A new brand of hard cider from the Pacific Northwest will soon begin competing for the coveted spot of the apple 0f Minnesotans’ eyes–or pint glasses, as it were.
Seattle Cider Company, which is based in its namesake city, touts its exclusive use of fresh-pressed Washington apples and the absence of concentrates and artificial flavors and colorings in its year-round, seasonal, and limited offerings. “We really pride ourselves on our use of real ingredients,” said Caitlin Braam, director of marketing and business development at Seattle Cider. “We wouldn’t put anything in our cider you wouldn’t eat.”
The company’s year-round ciders, which will begin showing up in Minnesota liquor stores in four-packs of 16-ounce cans and on draft in bars in early May, include its Dry Hard Cider, Semi-Sweet Hard Cider, and new Citrus Hard Cider.
Their seasonals, which are packaged in 22-ounce bombers, include Basil Mint (spring), PNW Berry (summer), Pumpkin Spice (fall), and Oaked Maple (winter).
Seattle Cider’s limited releases, which also come in 22-ounce bombers, include Three Pepper, which is fermented with jalapeno, habanero, and poblano peppers, and Gin Botanical, fermented with spent gin botanicals.
To celebrate its launch in the Twin Cities market, Seattle Cider is planning several tasting events May 4–6 (schedule below).
Building with brix
One of the unique ways the company is seeking to educate consumers about its products specifically—and hard cider in general—is through the inclusion of each cider’s brix rating on its packaging.
Wine drinkers will likely be familiar with the brix scale, which is used to measure the sugar content of liquids. Essentially, it translates to how sweet or dry a wine or cider is–the higher the rating, the sweeter the liquid.
Seattle Cider’s products range in sweetness, but are notably less sugary than most well-known ciders currently available in Minnesota. Here’s how they rank: the Dry Hard Cider carries a zero brix rating, the Semi-Sweet clocks in at 2.6, and the Citrus falls somewhere in the middle at 1.3. (For comparison, some of the more well-known hard ciders on the market are closer to a seven on the brix scale.) They all are around 6.5% ABV.
Braam likens the inclusion of the ciders’ brix rating on cans to how beer companies include IBUs on their packaging. “You want to know how hoppy your beer is going to be,” she said. “And when you pick up our cans we want you to know how sweet or dry our cider is going to be.”
As for the misconceptions many people have about cider, Braam says they’ve grown used to skepticism from beer and wine drinkers when presented with a sample of their cider. “I tell people the key is just tasting it,” she says. “We go to a lot of tasting events and people come up to our booth and say, ‘I don’t like sweet ciders, do you have anything more dry?’ We give them a taste of our Dry and they say, ‘Whoa, not that dry. Do you have something with a little sugar in it?’”
A process steeped in simplicity
Cider is a natural product for the Pacific Northwest. Of all the apples sold in the U.S., about 70 percent come from Washington state – many from the Yakima region, a short two-hour drive from Seattle Cider’s home base. All the apples used by Seattle Cider come from this fruit-ripe region.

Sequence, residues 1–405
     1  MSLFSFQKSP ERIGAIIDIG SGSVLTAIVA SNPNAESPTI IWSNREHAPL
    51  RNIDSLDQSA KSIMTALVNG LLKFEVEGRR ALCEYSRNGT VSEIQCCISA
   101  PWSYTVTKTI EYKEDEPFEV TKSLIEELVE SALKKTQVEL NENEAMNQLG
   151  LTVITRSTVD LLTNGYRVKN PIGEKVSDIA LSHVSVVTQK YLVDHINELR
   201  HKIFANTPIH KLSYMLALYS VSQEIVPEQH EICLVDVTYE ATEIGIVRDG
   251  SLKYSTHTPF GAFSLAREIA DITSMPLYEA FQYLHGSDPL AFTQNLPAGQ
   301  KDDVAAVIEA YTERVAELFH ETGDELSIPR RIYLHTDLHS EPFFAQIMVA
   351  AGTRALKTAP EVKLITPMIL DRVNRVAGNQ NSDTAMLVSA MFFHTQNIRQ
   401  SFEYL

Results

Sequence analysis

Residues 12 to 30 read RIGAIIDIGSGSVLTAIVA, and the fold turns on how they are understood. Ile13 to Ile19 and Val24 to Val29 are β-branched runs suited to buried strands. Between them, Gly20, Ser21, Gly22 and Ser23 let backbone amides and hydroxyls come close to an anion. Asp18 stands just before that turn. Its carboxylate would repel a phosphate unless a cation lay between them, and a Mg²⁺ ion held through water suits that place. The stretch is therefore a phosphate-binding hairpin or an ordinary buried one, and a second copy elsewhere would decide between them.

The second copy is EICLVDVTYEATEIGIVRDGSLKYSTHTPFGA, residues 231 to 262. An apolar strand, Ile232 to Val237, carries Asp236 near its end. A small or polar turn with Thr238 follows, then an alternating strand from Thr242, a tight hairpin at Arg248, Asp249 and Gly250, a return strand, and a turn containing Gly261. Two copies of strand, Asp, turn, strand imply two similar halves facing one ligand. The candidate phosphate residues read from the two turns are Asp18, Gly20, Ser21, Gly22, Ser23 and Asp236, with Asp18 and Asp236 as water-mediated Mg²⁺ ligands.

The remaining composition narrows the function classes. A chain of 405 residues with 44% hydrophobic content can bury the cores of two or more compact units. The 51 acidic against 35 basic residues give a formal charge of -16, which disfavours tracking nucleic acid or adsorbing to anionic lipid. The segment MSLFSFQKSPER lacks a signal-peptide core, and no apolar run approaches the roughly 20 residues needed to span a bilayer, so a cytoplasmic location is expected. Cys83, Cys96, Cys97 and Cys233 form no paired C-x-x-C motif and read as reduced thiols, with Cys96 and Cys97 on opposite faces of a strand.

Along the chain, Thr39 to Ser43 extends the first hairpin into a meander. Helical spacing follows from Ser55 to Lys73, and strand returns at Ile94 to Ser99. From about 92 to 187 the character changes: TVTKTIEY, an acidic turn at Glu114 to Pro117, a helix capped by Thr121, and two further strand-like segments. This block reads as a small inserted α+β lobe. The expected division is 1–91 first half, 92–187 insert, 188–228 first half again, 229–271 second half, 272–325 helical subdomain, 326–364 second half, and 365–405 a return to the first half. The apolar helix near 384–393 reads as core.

Instead of paying the expensive shipping costs to have whole apples trucked from orchards over the Yakima mountain range, Seattle Cider’s apple producers take a blend of dessert apples—Fuji, Gala, Red Delicious—and press them for the cidery before shipping the juice in tanker trucks to the company. When the juice arrives, it is pumped directly into fermenters and the cider-making fun begins.
To flavor the seasonal and limited release ciders, the necessary ingredients are added directly to the fermenting juice, along with a white-wine yeast strain. Braam explains that this process allows the flavors to blend while preventing the taste of the apples from being overpowered.
For example, for the Basil Mint spring cider, which will be the first seasonal to arrive (soon!) in Minnesota, Seattle Cider adds a whopping 118 pounds of fresh basil and mint to the fermenters. “You still get the apple, but it’s complemented by that basil and mint flavor,” Braam says.
For their Citrus, dried orange, lemon, and grapefruit peels are added to the fermenters. Even the limited release, Three Peppers, maintains its apple flavor—although Braam notes that it’s defining feature is a nice, fresh green-pepper nose from the jalapenos and subtle habanero spice on the finish.
Before bottling or canning, a small amount of pure cane sugar is added as a back-sweetener to give their ciders the right hint of sweetness.
Coming to Minnesota
Seattle Cider began distributing in Wisconsin and Illinois before setting their sights on Minnesota. “There’s a lot of great craft cider on the west and east coasts, and we saw an opportunity to fill a gap and educate folks in the Midwest,” Braam said.
Seattle Cider will be distributed statewide by Wirtz Beverage Minnesota.
“Seattle Cider Company is just what this state has been waiting for and will be the perfect fit for a warm Minnesota summer,” Corey Rung, craft beer brand manager for Wirtz Beverage Minnesota, said in a press release.
Seattle Cider Company Launch Events
Monday, May 4
- Free cider sampling at Stinson Wine, Beer & Spirits, 2315 18th Ave. NE, Minneapolis, 4–6pm
- Tap takeover and tasting at Republic Seven Corners, 221 Cedar Ave., Minneapolis, 5–8pm
Tuesday, May 5
- Free cider sampling at Elevated Wine, Beer & Spirits, 4135 Hiawatha Ave., Minneapolis, 4-6pm
- Tap takeover and tasting at The Happy Gnome, 498 Selby Ave., St. Paul, 5–8pm
Wednesday, May 6
- Free cider sampling at South Lyndale Liquors, 5300 Lyndale Ave. S, Minneapolis, 4–6pm
- Tap takeover and tasting at Town Hall Tap, 4810 Chicago Ave. S, Minneapolis, 6–8pm